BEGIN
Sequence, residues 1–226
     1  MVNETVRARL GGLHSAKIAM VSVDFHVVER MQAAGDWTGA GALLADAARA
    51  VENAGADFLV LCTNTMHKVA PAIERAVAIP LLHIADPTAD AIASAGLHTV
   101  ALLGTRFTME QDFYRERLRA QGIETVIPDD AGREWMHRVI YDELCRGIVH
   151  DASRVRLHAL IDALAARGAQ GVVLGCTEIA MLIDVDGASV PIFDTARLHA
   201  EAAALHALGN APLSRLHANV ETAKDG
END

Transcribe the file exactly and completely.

Sequence, residues 1–226
     1  MVNETVRARL GGLHSAKIAM VSVDFHVVER MQAAGDWTGA GALLADAARA
    51  VENAGADFLV LCTNTMHKVA PAIERAVAIP LLHIADPTAD AIASAGLHTV
   101  ALLGTRFTME QDFYRERLRA QGIETVIPDD AGREWMHRVI YDELCRGIVH
   151  DASRVRLHAL IDALAARGAQ GVVLGCTEIA MLIDVDGASV PIFDTARLHA
   201  EAAALHALGN APLSRLHANV ETAKDG